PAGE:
TOOBIN: I don't think it's just to be quiet. I mean, David is suggesting you say nothing. I think you will hear complaints that this is a kangaroo court but you will never hear the White House engage on the actual facts.

BERMAN: David Gergen, last point here, the House Democrats are writing -- the House Intelligence Committee is writing up their report on this and Judiciary will ultimately decide what are articles of impeachment, and there is the ongoing debate of whether to stick to Ukraine or to expand to some of the Mueller regions.

What do you think they should do? GERGEN: Expand. I think it's important for the country to make a

decision based on the whole body of evidence about the conduct of this presidency. Not simply the phone call. I do think it would strengthen their case, and I think the country really needs some sort of way to come to grips and come peace with all of this that justice has been done. And that will be done through transparency and going the full -- did the expanding --


URBAN: John --

BERMAN: David, we've got to -- we're in to a quick break.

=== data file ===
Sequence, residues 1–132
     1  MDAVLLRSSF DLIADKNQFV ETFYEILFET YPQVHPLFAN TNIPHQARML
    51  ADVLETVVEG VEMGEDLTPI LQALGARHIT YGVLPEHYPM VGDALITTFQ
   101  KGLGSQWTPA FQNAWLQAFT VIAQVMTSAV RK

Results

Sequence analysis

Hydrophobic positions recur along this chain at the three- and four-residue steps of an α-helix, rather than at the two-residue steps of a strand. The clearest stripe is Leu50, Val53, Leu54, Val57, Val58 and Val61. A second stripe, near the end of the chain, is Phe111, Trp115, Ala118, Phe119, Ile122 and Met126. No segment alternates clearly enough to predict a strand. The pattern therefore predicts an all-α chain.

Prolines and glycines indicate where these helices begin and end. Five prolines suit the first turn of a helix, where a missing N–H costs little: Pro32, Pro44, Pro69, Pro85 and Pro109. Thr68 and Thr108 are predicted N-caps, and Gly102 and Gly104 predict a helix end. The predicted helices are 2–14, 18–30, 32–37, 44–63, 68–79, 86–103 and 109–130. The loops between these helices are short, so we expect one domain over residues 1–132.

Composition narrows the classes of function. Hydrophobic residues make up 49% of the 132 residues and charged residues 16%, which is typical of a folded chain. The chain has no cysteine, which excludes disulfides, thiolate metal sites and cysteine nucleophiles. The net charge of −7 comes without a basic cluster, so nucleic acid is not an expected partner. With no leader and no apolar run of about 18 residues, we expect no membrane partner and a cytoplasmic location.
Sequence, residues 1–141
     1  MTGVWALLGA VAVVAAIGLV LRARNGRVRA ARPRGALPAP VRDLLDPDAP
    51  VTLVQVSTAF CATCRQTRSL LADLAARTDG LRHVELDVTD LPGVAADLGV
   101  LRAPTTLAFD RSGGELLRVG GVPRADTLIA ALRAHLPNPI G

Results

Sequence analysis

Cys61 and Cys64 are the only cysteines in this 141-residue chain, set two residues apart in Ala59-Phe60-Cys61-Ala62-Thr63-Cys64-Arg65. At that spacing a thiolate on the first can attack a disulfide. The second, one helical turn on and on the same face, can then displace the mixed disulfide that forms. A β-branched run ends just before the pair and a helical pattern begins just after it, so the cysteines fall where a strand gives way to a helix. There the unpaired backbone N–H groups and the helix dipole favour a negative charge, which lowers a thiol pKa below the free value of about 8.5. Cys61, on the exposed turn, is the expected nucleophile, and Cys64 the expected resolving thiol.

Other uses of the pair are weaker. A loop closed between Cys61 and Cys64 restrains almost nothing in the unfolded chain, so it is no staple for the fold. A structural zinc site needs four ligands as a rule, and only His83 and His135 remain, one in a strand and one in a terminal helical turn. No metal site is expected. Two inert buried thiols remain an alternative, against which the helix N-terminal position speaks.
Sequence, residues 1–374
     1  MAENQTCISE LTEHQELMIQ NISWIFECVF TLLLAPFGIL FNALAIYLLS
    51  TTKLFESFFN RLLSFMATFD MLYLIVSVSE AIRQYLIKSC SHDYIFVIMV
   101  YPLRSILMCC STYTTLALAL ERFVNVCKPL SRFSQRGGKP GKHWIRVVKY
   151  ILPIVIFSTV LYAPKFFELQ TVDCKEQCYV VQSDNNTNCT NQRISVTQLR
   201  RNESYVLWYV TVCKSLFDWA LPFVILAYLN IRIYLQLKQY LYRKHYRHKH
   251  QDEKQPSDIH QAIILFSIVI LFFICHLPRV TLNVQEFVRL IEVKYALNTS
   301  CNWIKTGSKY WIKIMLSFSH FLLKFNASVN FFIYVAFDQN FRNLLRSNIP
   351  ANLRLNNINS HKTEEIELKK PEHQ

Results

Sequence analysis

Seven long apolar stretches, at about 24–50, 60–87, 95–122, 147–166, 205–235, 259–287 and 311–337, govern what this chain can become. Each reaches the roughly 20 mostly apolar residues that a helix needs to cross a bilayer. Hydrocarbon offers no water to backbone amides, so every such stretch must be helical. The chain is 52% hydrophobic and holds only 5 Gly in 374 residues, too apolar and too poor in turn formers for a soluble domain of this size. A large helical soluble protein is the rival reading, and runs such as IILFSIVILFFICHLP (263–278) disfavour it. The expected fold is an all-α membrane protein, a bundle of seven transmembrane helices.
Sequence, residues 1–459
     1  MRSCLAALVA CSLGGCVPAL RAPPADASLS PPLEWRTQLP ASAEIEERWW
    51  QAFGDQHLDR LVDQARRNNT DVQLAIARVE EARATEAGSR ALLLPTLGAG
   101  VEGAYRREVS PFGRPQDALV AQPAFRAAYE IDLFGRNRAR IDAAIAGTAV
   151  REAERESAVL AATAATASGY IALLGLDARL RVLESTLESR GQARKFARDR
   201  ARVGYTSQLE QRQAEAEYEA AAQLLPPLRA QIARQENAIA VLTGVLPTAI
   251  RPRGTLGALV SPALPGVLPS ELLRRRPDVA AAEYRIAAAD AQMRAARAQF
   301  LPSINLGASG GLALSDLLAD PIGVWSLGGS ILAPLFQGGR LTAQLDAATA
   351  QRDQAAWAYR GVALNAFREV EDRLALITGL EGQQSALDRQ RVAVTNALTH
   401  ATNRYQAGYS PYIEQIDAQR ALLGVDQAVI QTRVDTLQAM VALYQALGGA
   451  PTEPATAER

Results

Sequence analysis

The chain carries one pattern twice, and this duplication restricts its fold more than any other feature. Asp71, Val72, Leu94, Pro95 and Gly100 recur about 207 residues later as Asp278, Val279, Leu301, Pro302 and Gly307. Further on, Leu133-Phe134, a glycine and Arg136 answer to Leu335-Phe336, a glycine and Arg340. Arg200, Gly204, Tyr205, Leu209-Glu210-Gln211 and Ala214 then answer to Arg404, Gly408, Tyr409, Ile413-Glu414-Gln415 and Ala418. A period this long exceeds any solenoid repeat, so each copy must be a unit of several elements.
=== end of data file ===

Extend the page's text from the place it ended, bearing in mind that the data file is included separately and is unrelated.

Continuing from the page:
We have much more coming up, including the breaking news, exclusive new reporting on the other side of the break that could spell trouble for Rudy Giuliani and President Trump.



BERMAN: More breaking news tonight that could spell more troubles for President Trump, as well as possibly his lawyer Rudy Giuliani. In a statement, the lawyer for one of Giuliani's former Ukraine associates arrested on campaign finance violations told 360 this.

"Joseph A. Bondy, one of Lev Parnas' attorneys confirmed to CNN that his client has turned over photos, videos and other materials to congressional investigators, but decline to detail the contents. Mr. Bondy also confirmed that Mr. Parnas is complying with the Intelligence Committee's subpoena to the fullest extent possible, notwithstanding limited access to Mr. Parnas' phones, computers and records as those were seized by federal prosecutors at the time of his arrest."